Sunday, February 26, 2012

tooling update, part the first

Rotary phase converter ordered. This is a big fucking deal, because it means I now have a power source for the Bridgeport (knee mill, for you philistines) that will last as long as the mill does. It is slightly larger, much heavier, and slightly less convenient and slick as the variable-frequency solid state AC motor drive which it replaces. However, the rotary phase converter will not, ever, under any circumstances, forget its programming. It cannot have its firmware mind bricked, because it hasn't got one.


I should have listened to the old timers. I'm stubborn, and I still think like a young turk. But I do learn, eventually.

When this thing arrives, a whole bunch of work which has been lying around waiting for the mill will start getting done. I decided to order a complete, ready-to-install system with commercial idler (a motor without a shaft) for various reasons, not least of which is the fact that the two "reputable" American manufacturers of kits (wherein you provide only the motor which, one presumes, you can purchase locally for less) -- did not return my inquiries for price and availability. So fuck 'em.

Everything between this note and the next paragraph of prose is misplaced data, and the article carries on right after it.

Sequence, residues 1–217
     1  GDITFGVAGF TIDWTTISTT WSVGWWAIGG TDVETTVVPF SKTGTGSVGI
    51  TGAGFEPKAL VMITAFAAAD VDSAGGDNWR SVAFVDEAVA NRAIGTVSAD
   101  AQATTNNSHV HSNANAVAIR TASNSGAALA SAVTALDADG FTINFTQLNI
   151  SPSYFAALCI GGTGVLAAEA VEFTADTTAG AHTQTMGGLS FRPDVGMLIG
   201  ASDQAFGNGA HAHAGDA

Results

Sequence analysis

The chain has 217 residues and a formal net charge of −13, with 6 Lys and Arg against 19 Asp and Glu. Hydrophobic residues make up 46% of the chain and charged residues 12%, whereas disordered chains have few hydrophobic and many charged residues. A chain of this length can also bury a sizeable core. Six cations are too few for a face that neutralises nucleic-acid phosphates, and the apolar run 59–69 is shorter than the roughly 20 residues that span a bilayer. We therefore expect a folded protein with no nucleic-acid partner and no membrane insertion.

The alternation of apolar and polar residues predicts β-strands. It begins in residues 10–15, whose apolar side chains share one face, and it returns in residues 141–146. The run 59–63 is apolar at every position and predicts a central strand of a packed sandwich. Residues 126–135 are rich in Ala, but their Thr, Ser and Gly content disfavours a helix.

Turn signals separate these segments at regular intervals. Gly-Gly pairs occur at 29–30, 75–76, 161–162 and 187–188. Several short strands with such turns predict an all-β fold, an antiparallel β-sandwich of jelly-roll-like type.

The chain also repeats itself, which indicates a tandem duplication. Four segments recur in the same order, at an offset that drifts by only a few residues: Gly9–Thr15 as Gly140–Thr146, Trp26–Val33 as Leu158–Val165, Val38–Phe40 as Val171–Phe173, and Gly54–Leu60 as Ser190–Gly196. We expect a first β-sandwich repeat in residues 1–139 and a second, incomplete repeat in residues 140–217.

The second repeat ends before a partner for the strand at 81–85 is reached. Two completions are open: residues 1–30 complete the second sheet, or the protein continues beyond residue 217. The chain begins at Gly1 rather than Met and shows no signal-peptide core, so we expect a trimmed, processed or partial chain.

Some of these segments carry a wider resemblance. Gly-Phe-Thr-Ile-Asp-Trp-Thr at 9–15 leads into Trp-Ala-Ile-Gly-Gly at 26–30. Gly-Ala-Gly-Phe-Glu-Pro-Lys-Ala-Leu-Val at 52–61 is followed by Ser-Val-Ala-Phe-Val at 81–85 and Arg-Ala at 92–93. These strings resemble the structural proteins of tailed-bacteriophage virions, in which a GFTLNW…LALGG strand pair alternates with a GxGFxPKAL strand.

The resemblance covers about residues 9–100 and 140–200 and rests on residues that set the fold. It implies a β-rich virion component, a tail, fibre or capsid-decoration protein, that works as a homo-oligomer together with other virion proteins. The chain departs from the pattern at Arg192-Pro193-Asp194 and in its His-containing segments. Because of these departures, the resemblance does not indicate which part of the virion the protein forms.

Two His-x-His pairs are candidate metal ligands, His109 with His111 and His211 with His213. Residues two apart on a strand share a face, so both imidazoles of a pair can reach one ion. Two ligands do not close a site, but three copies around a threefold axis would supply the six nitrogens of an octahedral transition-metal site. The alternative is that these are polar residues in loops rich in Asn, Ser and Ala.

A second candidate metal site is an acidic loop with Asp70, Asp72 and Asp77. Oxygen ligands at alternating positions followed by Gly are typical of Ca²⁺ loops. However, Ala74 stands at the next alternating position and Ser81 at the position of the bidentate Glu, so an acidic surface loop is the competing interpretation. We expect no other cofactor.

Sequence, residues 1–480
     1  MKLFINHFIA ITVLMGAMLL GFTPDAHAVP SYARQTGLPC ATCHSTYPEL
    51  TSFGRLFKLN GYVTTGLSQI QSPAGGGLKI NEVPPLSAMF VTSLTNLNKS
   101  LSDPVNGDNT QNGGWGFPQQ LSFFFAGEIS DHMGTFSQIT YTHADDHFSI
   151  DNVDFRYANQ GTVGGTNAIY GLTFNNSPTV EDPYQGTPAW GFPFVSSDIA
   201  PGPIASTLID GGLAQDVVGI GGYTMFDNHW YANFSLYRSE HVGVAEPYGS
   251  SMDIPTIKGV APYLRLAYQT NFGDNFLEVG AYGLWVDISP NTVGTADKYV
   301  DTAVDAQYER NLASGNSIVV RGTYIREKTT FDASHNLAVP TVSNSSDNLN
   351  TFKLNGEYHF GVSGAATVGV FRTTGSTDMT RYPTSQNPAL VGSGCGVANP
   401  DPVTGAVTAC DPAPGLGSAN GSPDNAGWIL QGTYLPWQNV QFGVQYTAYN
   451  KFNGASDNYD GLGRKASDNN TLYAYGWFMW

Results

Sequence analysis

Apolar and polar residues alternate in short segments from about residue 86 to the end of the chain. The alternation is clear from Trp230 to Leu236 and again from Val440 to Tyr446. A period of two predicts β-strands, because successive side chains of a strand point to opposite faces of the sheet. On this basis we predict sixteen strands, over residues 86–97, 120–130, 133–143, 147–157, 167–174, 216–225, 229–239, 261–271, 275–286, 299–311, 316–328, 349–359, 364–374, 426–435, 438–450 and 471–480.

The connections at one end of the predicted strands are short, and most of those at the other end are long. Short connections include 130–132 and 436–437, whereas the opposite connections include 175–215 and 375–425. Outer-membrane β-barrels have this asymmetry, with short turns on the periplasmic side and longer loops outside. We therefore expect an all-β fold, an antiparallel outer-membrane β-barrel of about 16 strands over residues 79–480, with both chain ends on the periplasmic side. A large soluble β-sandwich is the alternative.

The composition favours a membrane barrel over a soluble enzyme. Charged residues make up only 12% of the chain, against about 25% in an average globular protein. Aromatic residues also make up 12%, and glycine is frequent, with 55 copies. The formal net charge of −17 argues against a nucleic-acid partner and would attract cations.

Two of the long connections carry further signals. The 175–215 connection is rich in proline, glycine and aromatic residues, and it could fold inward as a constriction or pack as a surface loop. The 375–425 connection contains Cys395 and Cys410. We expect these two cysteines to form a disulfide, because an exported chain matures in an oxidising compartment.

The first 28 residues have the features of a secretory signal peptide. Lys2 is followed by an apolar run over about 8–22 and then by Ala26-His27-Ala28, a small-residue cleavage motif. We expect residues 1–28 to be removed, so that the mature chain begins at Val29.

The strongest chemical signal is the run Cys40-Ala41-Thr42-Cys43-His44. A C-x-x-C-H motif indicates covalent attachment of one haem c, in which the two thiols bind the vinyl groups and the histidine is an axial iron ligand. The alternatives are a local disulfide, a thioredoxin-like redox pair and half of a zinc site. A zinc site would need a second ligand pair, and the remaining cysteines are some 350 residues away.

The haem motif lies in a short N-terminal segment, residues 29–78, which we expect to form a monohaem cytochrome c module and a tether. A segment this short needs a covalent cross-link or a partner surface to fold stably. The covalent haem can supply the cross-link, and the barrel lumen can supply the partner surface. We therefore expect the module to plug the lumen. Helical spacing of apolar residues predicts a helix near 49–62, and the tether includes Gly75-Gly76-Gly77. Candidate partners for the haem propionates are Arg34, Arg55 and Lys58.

For COTS units, the scuttlebutt on the various web forums for machinists was that it was mostly down to American Rotary and TemCo. I chose the latter because their warranty looked a tad better. Both companies have good reputations.

I had set up a search on eBay, priced to find a used unit of one of the two above brands, when along came a bunch of hits on new units. As far as I can tell, both companies are selling direct on eBay, and both are having a roughly 40% off price war. With, I might add, free shipping, which is kinda important for an object weighing 94 pounds.

Incidentally, me being not only a belt-n-suspenders sort but also a burnt-child-fears-the-flame sort, I'm going to look into protecting the few components in this unit which could -- at least in theory -- be damaged by a sufficiently large surge. All rotary converters (AFAIK) contain both relays and large motor-run-rated paper-and-oil type capacitors. The capacitors have a really long life - much better than elecrolytics, but they or the relay windings could in theory be zorched by a big surge.

Industrial-strength MOVs are not expensive, and I already have one, I think. Gotta double-check its voltage rating. Oh relax, fuses are already involved in the machine disconnect, so the MOVs, the surge protection devices I love to hate, will not present a significant hazard when they fail. They'll also be inside a metal box.

1 comment:

jdmorse said...

Well, good! Of course, I can't comment on which system is best since I have three phase wired in.